Las Vegas Photo and Video
Saturday, May 3, 2014 | 3:15 p.m.
We have been through so many AFAN AIDS Walks with Penn Jillette that it seems there is not much else for him to say.
“Just take everything I’ve said in the past years and say that again,” he said during a phone conversation this week.
That’s a lot of territory to cover.
Jillette has already said the reason performing partner Teller and he have chosen AIDS as a charity meriting support is because “sometimes you just fall into things.” Five years ago, I asked how long Teller and he were supporters of the event, and he responded, “Ten years. Ten, or 37.”
And there was the moment during the charity run seven years ago when I asked Jillette about the competitive environment of entertainment in Las Vegas and he said, “If you go to a show on the Strip in 2007 and see someone doing a George Burns impersonation, you are not going to want to see another show on the Strip. That hurts us. But if you go see Blue Man Group and love it, you'll come back and see Penn & Teller.”
Jillette again talked of the entertainment scene in Las Vegas during a phone interview this week promoting this year’s AFAN AIDS Walk, set for 9 a.m. (opening ceremonies) and 10:30 a.m. (the actual walk) Sunday at the grass courtyard at UNLV’s Student Union (go to the AFAN website for information).
Singing the national anthem will be Josh Strickland from “Vegas! The Show.” Performers scheduled to appear include those from “Le Reve — The Dream,” Rose. Rabbit. Lie.’s “Vegas Nocturne,” “Absinthe,” Mo5aic, “Million Dollar Quartet,” “Panda!” Las Vegas Kaminari Taiko Drummers, Zodiac Dragon and the Kaution Dance Kru. Pet trainer Gregory Popovich and DJ Axis also are on the bill.
Money raised is delivered to Aid for AIDS of Nevada, the oldest and largest AIDS support service organization in the state. AFAN is celebrating its 30th anniversary this year.
Jillette’s predisposition is to express his opinions, and this week he furnished an update of his view of Vegas entertainment over the years. Last year, Penn & Teller celebrated their 20th anniversary of performing on the Strip, premiering in 1993 at Bally’s and have headlined at the Rio for better than a decade.
In Las Vegas, Jillette says, “You’re not going to get a time like the '90s, when Vegas entertainment did a complete change — when Blue Man Group came in and Cirque du Soleil starting flourishing, you had to change from ironic entertainment to real entertainment. And the change from real entertainment to ironic entertainment took from like ’65 to maybe 1980.”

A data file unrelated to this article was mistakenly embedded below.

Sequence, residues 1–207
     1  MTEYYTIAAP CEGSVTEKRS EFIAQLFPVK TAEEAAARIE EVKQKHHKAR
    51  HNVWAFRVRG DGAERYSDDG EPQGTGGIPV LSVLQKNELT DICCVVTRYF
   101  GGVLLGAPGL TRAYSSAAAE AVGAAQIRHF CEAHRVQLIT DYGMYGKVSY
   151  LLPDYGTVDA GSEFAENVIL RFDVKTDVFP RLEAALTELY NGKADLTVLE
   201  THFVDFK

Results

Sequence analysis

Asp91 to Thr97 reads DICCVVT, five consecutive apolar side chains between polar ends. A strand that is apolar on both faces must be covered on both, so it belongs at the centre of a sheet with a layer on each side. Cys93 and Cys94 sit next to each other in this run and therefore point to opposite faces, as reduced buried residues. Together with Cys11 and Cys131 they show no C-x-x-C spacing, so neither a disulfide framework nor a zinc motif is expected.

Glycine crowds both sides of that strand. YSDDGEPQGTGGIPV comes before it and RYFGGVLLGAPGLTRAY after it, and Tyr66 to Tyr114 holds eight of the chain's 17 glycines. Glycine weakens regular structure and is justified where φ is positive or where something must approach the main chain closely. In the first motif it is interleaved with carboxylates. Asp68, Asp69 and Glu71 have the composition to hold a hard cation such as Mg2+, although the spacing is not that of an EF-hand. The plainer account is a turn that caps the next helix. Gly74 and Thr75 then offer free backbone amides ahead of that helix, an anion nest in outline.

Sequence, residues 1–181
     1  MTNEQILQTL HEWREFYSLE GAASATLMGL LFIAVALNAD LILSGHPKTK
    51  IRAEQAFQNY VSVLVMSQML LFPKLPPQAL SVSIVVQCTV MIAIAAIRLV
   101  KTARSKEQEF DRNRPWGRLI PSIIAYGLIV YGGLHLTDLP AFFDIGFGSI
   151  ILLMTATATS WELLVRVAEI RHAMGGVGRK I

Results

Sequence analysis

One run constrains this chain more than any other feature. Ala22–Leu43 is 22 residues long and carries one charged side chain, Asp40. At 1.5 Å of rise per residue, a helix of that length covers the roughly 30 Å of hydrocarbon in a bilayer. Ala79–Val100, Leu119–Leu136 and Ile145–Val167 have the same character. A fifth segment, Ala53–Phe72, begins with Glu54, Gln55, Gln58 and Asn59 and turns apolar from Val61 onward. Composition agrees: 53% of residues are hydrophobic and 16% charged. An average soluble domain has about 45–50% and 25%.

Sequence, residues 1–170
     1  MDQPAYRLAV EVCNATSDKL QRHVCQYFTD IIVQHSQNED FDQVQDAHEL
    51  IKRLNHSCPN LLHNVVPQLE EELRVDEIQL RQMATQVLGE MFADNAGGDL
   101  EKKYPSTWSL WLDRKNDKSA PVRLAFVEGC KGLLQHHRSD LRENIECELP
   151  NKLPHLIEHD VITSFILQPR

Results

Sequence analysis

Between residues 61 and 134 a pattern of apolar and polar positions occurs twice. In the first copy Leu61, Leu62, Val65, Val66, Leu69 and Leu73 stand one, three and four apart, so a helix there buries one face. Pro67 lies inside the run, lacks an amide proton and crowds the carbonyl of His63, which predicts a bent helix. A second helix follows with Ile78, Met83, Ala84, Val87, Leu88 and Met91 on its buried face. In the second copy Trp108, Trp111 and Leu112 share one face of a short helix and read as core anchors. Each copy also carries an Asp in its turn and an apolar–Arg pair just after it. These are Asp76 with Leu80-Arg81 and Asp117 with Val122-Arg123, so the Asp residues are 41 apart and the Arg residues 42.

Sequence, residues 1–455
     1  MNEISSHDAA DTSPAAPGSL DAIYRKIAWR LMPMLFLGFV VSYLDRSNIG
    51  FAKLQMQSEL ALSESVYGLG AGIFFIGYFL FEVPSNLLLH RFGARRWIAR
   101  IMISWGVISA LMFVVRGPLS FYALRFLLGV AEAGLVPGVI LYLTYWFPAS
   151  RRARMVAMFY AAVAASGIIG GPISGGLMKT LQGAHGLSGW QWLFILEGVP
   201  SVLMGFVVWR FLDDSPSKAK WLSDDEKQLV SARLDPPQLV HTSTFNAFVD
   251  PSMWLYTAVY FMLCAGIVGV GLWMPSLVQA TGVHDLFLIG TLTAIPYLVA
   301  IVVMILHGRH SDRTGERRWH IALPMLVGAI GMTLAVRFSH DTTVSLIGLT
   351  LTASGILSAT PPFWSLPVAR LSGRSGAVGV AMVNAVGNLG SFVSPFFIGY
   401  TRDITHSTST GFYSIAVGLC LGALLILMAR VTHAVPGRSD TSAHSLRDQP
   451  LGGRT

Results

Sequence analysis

Jillette says of that period that Las Vegas “was a real happening place to be. I mean, the Rat Pack was there, which on a certain level was the most interesting art you could find. And then Elvis comes and that’s exciting for a while, and then that kind of goes ironic, and by 1980 people started coming to make fun of Vegas — people who don’t smoke cigars start smoking cigars and that whole (lounge satirist) Richard Cheese, finger-popping-with-a-wink attitude was coming in. We would eat at a lousy steakhouse and see a show that sucks, and that’s our three-day experience.”
The advent of such high-caliber shows as Cirque and Blue Man Group and the residencies of superstars at many Las Vegas venues has returned the city to the top tier of entertainment destinations, Jillette says. But the entertainment trend booming up and down the Strip today is largely a mystery to the famed comedy-magic team.
“The exciting stuff that’s happening in Vegas is the whole nightclub DJ scene, which I’m not well-versed in and which I’m kind of left out of,” he says. “If you really had to say what is the Sammy, Dean and Sinatra in the 21st century — what’s the oddest finger-popping and skinny tie and too-cool-for school attitude today, you’ve got to say, it’s the electronic dance culture.”
How Penn & Teller might fit into this culture is a curious concept. P&T rarely turn down any artistic crossover idea out of hand, but the idea of the duo appearing with Tiesto at the Electric Daisy Carnival is certainly uncharted territory. Would they ever consider, say, an appearance at EDC?
“Of course we would. I would love to do that,” Jillette said. “I would not want to ever do it pretending we deeply understood it, you know.”
Jillette recalled the admiration held by Frank Zappa for legendary comic Lenny Bruce. Zappa was a big fan of the groundbreaking Bruce dating to the comedian’s start in New York. Bruce attended a Mothers of Invention show in the mid-1960s, and Zappa opened for Bruce at the Fillmore Auditorium in June 1966.
“It was a big deal because Zappa was a huge Lenny Bruce fan, and Lenny Bruce was a jazz fan and was never affiliated with rock and roll in any way,” Jillette says. “I’ve always loved the fact that Lenny just went to the show, watched the show and then said to Zappa very simply: 'You know, I really don’t understand this. This is really beyond me. I don’t get it. It’s great, but I don’t get it.’"
Jillette shares that same assessment of a lot of the electronic music thundering through Las Vegas nightclubs.
“I’ve always tried to keep that in mind that that’s OK, you know, not to get something,” he says. “I don’t want to be the guy that says, 'Get off my lawn!' These are just guys playing records. They’re turning on their iPods, and what is that? That’s not music! Go learn to play the effing guitar!’ I don’t want to be that guy. But I also don’t want to be the guy who pretends to like the Mothers when it’s really not his scene.”
And if someone came to the duo with an idea to incorporate the P&T stage show to a massive EDM event?
“I would be thrilled, seriously,” Jillette says. “I would be thrilled to pieces.”